Tuesday, April 24, 2012

NEW YORK UNEMPLOYMENT INSURANCE - PREGNANCY

Also from the DOL on pregnancy and voluntary separation:

"A-750-1716

Index Nos. 1605B-2
1695.2

NEW YORK STATE DEPARTMENT OF LABOR
UNEMPLOYMENT INSURANCE DIVISION
ADJUDICATION SERVICES OFFICE

June 24, 1969

INTERPRETATION SERVICE – BENEFIT CLAMS
VOLUNTARY LEAVING
Discharge or leaving
Health or safety

Appeal Board Case 149,438

LAYOFF DUE TO PREGNANCY – REJECTION OF MATERNITY LEAVE

If claimant’s services are terminated under an employer’s policy requiring employees to cease working at a given stage of pregnancy, there is no voluntary leaving of employment even though the claimant declined to accept a maternity leave.

Referee’s Decision: The initial determinations of the local office, disqualifying claimant from receiving benefits effective October 5, 1968, on the ground that she voluntarily left her employment without good cause, and holding her ineligible to receive benefits effective October 7, 1968, on the ground that she was not available for employment, are overruled.

Appealed By: Industrial Commissioner

Findings of Fact: Claimant, a clerk-typist, was pregnant, with an expected date of confinement of January 1, 1969. She had been employed at a bank since July 1965 and was a permanent employee, entitled to participate in the employer’s profit sharing and stock-purchase plans and other employee fringe benefits. Claimant’s physician had reported that she was capable of working up to the probable date of her confinement. However, the employer’s policy was to require its employees to cease working after completing the sixth month of pregnancy. At such time, the employer’s rules provided that such employees could obtain a six months’ maternity leave covering the last three months of pregnancy and the first three months following delivery. If such leave were obtained, the employee’s rights in respect to all of the various participation plans and other fringe benefits and the employee’s seniority in service were preserved without diminution. Upon the completion of such leave, the employee would return to work at the same salary she was receiving at the start of her leave and, if possible, in the same position she had held; if such were not possible, then in a position commensurate with the prior one. Claimant was aware of her right to receive such leave, with all attendant job-protection provisions, but she decided not to apply for it and instead she resigned because she wanted to withdraw, for her own use, the moneys with which she was credited in the participation plans. Her last day of work was October 4, 1968.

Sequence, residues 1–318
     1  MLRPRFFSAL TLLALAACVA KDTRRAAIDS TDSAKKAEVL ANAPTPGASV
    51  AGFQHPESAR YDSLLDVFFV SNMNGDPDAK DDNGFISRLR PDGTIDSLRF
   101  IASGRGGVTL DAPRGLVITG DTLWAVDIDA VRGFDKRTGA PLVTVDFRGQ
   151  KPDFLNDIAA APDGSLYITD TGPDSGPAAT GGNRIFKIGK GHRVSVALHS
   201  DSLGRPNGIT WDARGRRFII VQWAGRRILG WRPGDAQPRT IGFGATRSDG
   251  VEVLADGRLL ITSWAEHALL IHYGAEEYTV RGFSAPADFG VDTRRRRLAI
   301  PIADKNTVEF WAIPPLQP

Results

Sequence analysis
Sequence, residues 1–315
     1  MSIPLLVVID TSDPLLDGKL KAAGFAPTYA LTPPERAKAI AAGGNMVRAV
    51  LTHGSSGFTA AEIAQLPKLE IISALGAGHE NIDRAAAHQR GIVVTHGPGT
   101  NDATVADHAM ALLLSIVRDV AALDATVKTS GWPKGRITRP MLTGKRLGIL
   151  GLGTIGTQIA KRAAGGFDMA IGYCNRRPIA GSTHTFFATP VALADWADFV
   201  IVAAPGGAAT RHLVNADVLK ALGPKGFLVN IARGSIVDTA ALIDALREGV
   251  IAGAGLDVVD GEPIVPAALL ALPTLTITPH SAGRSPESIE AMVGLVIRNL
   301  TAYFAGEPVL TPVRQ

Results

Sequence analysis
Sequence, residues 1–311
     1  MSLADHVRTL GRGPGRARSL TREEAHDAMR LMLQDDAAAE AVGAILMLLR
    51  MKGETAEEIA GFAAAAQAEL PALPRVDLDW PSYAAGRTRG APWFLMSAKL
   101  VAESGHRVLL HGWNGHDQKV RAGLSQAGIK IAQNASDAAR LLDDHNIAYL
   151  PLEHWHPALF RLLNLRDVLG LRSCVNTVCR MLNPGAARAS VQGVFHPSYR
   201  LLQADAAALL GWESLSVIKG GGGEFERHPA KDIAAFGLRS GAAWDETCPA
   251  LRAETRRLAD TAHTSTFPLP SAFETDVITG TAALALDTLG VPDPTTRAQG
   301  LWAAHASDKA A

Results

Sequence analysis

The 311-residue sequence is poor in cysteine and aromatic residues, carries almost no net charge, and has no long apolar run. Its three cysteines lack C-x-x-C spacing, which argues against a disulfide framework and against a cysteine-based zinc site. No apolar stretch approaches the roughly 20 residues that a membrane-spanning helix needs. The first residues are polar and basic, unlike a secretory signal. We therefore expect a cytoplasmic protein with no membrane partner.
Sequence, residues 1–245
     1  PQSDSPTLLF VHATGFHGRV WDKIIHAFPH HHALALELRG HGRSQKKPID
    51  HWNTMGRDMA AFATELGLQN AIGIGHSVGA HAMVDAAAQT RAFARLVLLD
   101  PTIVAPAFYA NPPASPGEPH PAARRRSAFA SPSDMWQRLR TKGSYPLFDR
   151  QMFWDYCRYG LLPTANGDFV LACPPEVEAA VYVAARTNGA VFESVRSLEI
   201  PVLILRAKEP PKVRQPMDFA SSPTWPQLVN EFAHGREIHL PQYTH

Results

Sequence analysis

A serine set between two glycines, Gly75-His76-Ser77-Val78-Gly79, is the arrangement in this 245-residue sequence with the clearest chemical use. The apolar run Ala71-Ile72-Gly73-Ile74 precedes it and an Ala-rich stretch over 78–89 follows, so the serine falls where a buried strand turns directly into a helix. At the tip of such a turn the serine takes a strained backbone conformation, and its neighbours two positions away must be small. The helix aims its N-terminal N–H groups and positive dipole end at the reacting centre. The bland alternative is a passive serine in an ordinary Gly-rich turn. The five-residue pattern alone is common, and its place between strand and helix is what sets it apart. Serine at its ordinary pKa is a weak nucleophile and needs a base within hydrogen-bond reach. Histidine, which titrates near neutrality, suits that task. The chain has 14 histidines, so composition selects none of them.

Claimant filed a claim for benefits, effective October 7, 1968. During the period subsequent thereto, claimant’s search for employment was curtailed because of her physician’s advice not to use public transportation during the rush hours. When interviewed at the local office on October 21, 1968, she stated that she was relying primarily on the employment service office to find work for her and therefore, up to that date, she had not sought work independently. Again, for the period from October 28, 1968 through November 4, 1968, she advised the local office that she had made no independent search for employment. Whatever contacts she did make with prospective employers were predominantly by telephone and she invariably advised them of her pregnant condition.

Appeal Board Opinion and Decision: Notwithstanding that it is undisputed that claimant was compelled to leave her employment on October 4, 1968, by reason of the rules of the employer which required that she terminate her employment on October 4 because of the stage of her pregnancy, it is nevertheless contended on behalf of the Industrial Commissioner that she must be deemed to have voluntarily left her employment without good cause for the reason that she failed to apply for a leave of absence which would have assured her re-employment by the same employer when and if she was prepared to return to the labor market after the birth of her child. While the contention thus advanced may find some support in prior decisions of the Board, we have now reviewed the matter and conclude that the disqualification provided for in Section 593.1 of the Law has no application under the circumstances herein.